Dr Cristina Gonzalez-Estevez, the lead author and a research fellow working in Dr Aboobaker’s laboratory hopes that studying the basics of this remodeling process in a simple animal that does it all the time as part of its normal day to day life will have important implications for regenerative biology in more complex animals like ourselves.
Professor David Brook, Head of the School of Biology said: "These New Investigator Research schemes are excellent as they make sure new talent isn’t overlooked and it is important for The University of Nottingham that our new researchers secure such 'blue chip' funding. The awards recognise the exciting ideas and projects that Aziz is generating.”
Emma Thorne | alfa
Not of Divided Mind
19.01.2017 | Hertie-Institut für klinische Hirnforschung (HIH)
CRISPR meets single-cell sequencing in new screening method
19.01.2017 | CeMM Forschungszentrum für Molekulare Medizin der Österreichischen Akademie der Wissenschaften
An important step towards a completely new experimental access to quantum physics has been made at University of Konstanz. The team of scientists headed by...
Yersiniae cause severe intestinal infections. Studies using Yersinia pseudotuberculosis as a model organism aim to elucidate the infection mechanisms of these...
Researchers from the University of Hamburg in Germany, in collaboration with colleagues from the University of Aarhus in Denmark, have synthesized a new superconducting material by growing a few layers of an antiferromagnetic transition-metal chalcogenide on a bismuth-based topological insulator, both being non-superconducting materials.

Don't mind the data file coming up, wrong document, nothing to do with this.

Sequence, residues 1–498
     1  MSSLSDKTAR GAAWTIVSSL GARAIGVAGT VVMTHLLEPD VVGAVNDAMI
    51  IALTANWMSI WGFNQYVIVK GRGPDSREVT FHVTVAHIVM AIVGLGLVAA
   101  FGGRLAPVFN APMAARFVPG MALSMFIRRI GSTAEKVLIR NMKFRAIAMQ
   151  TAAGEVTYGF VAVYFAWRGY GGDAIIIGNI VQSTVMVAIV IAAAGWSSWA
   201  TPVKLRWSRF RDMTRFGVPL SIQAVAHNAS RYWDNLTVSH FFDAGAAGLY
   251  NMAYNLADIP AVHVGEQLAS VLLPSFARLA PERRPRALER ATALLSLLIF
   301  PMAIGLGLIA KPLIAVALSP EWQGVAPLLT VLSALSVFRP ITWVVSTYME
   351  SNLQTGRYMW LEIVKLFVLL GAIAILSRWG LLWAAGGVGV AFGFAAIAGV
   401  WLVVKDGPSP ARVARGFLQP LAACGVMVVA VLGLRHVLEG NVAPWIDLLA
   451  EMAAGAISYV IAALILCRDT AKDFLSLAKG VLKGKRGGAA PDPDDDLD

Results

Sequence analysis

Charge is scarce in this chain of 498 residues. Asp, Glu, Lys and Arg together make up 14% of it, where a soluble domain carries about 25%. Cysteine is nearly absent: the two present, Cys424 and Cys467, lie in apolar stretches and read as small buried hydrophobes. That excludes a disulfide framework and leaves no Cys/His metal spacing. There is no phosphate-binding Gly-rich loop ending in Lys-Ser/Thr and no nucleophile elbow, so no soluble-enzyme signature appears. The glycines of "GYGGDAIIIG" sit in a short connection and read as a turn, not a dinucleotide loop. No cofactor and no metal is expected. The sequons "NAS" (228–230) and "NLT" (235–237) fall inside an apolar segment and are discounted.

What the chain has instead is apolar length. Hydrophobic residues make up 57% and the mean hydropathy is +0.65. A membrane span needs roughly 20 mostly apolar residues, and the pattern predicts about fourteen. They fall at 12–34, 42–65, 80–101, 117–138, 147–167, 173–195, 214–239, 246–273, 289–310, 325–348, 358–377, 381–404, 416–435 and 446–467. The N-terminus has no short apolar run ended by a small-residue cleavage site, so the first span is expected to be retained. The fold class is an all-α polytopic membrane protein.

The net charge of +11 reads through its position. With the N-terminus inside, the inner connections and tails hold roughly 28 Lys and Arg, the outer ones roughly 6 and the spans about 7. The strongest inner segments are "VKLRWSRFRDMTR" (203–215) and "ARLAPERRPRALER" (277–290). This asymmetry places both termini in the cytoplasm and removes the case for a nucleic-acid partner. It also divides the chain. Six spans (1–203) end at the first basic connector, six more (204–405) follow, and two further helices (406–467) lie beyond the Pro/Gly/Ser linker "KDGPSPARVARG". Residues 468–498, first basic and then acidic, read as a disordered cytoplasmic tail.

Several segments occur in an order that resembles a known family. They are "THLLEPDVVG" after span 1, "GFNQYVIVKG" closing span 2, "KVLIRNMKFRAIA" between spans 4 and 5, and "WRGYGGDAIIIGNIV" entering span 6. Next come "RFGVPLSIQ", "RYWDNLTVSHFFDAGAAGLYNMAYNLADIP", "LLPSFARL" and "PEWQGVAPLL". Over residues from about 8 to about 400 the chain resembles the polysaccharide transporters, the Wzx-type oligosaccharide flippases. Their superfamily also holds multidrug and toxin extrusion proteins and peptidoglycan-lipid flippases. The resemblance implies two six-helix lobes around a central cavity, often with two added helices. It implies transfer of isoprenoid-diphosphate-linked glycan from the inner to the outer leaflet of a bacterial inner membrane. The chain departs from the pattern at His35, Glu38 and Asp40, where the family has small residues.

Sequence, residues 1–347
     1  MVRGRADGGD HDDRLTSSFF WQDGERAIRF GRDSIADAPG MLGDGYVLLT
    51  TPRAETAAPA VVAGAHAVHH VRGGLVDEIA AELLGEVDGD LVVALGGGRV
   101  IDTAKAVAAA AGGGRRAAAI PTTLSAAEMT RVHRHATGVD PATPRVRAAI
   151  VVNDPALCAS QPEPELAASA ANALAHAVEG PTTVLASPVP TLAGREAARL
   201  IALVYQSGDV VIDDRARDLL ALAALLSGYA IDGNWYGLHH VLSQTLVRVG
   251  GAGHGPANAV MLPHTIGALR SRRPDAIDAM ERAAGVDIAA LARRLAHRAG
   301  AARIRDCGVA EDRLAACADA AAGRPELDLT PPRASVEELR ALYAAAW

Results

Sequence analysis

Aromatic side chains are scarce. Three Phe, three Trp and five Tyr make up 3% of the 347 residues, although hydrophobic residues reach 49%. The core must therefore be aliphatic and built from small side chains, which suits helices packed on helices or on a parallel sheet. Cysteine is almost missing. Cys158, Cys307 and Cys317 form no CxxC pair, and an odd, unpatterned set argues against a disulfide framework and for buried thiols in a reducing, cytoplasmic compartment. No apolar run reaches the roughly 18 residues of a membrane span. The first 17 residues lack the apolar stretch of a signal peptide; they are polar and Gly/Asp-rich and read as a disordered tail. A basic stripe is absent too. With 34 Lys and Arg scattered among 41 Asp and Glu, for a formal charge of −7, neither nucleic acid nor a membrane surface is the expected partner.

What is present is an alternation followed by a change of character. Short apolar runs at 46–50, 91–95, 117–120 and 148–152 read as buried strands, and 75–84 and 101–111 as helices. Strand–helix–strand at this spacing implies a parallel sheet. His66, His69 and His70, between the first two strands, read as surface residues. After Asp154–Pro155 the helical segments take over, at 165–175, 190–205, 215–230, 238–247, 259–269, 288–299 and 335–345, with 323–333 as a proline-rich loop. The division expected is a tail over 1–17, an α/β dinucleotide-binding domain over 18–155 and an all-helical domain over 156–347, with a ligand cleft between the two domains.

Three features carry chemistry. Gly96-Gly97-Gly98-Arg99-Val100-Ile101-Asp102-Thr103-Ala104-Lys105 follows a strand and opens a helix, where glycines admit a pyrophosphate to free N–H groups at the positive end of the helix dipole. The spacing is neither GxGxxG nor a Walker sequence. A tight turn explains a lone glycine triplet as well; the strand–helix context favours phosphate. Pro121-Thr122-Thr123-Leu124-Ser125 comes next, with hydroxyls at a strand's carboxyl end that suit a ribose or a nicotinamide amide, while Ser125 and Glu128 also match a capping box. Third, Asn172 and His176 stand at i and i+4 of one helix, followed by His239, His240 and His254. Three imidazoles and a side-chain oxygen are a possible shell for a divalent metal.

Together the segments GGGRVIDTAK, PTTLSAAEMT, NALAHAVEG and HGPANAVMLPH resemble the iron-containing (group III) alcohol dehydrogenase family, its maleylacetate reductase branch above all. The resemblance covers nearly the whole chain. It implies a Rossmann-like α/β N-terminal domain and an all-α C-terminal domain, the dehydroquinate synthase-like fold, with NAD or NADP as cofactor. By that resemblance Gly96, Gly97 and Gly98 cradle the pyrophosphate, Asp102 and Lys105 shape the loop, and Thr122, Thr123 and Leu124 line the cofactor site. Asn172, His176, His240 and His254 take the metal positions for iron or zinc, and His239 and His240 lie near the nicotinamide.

While superconductivity and magnetism are generally believed to be mutually exclusive, surprisingly, in this new material, superconducting correlations...
Laser-driving of semimetals allows creating novel quasiparticle states within condensed matter systems and switching between different states on ultrafast time scales
Studying properties of fundamental particles in condensed matter systems is a promising approach to quantum field theory. Quasiparticles offer the opportunity...
Among the general public, solar thermal energy is currently associated with dark blue, rectangular collectors on building roofs. Technologies are needed for aesthetically high quality architecture which offer the architect more room for manoeuvre when it comes to low- and plus-energy buildings. With the “ArKol” project, researchers at Fraunhofer ISE together with partners are currently developing two façade collectors for solar thermal energy generation, which permit a high degree of design flexibility: a strip collector for opaque façade sections and a solar thermal blind for transparent sections. The current state of the two developments will be presented at the BAU 2017 trade fair.
As part of the “ArKol – development of architecturally highly integrated façade collectors with heat pipes” project, Fraunhofer ISE together with its partners...
19.01.2017 | Event News
10.01.2017 | Event News
09.01.2017 | Event News
19.01.2017 | Earth Sciences
19.01.2017 | Life Sciences
19.01.2017 | Physics and Astronomy